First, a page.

As reported previously, Congress has devoted much of the spring to hearings on climate change legislation. One of the most active leaders in the debate, Rep. Rick Boucher (D-VA, Chairman of the House Subcommittee on Energy and Air Quality) has made the point that climate change and energy policy are two separate and linked issues. Rep. Boucher has argued to House Speaker Nancy Pelosi that a greenhouse gas (GHG) regulatory program would be a difficult piece of legislation to develop and move through the Congress in a short amount of time. He has convinced the Speaker that the House should focus first on several energy policy initiatives and then move to debate on a GHG “cap-and-trade” bill this fall. We can expect a new energy bill to be marked-up in the House Resources Committee during the last week of May; that bill will have a heavy emphasis on coal (due to the Committee Chairman, Rep. Nick Rahall of West Virginia) and perhaps some R&D issues.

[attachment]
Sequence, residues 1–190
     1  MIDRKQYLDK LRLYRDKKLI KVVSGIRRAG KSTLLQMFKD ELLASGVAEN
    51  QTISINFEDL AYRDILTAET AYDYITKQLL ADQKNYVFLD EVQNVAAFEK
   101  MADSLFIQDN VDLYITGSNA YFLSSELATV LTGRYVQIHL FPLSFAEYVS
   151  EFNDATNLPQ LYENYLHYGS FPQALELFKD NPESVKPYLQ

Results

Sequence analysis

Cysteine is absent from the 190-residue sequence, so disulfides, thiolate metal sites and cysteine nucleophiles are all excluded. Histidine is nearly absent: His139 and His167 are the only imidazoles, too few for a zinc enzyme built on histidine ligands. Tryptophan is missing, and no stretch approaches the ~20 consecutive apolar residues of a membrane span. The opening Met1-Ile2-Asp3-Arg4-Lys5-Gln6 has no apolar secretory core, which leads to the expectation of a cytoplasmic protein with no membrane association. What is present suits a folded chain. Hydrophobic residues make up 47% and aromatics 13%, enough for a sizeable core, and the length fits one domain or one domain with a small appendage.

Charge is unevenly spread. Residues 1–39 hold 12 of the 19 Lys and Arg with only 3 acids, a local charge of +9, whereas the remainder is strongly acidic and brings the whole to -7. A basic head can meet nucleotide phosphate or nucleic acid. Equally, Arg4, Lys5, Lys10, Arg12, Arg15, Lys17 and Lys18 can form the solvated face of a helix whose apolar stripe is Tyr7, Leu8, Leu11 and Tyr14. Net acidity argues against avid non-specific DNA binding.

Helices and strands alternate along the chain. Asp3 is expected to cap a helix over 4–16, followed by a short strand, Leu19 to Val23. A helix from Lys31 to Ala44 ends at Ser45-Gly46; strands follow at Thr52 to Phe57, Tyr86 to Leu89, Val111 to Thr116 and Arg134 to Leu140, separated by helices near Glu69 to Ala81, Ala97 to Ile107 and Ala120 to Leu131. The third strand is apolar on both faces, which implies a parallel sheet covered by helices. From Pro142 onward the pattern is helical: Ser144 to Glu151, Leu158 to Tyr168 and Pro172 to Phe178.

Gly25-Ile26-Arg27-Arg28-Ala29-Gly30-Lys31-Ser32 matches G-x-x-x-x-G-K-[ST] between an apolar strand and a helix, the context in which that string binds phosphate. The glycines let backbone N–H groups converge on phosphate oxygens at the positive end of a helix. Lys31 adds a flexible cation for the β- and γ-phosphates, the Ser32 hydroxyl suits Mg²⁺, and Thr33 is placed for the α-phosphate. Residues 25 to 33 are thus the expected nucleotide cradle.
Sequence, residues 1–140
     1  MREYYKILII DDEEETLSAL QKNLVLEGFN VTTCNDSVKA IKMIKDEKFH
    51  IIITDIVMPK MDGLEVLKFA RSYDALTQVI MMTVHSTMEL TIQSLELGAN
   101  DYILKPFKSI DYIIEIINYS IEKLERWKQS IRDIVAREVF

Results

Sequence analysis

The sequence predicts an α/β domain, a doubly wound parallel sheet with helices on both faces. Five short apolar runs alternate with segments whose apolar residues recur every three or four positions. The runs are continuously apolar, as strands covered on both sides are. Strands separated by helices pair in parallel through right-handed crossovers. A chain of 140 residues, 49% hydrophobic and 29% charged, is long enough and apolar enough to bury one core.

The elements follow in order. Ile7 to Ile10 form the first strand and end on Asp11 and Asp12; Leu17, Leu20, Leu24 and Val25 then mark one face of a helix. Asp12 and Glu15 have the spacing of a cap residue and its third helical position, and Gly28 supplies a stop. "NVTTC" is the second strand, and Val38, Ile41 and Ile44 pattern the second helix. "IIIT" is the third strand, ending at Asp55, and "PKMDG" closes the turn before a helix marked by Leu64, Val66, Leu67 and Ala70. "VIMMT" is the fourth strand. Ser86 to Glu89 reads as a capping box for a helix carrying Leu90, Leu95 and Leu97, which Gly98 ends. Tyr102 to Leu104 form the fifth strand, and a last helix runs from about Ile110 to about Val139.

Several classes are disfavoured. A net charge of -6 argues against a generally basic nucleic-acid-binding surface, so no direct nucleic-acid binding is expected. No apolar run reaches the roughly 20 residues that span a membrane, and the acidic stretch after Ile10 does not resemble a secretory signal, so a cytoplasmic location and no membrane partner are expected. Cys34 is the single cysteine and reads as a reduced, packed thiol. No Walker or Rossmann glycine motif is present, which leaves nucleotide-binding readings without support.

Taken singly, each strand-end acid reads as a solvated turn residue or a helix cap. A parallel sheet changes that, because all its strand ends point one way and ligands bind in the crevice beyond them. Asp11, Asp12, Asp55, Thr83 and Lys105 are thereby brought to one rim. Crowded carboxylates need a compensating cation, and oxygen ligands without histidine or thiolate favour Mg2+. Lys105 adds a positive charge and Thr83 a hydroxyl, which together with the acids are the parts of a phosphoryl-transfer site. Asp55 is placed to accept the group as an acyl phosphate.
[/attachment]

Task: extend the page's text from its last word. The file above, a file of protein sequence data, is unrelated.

The Senate has adopted a similar approach. For example, the Senate Energy and Natural Resources Committee approved legislation on May 2 that focuses on energy efficiency and research. The bill generally does not deal with natural gas issues, but it does encourage state PUCs to “de-couple” LDC rates from sales volumes in order to create a financial incentive for LDCs to promote efficiency and conservation. Work on actual climate change legislation is still months away.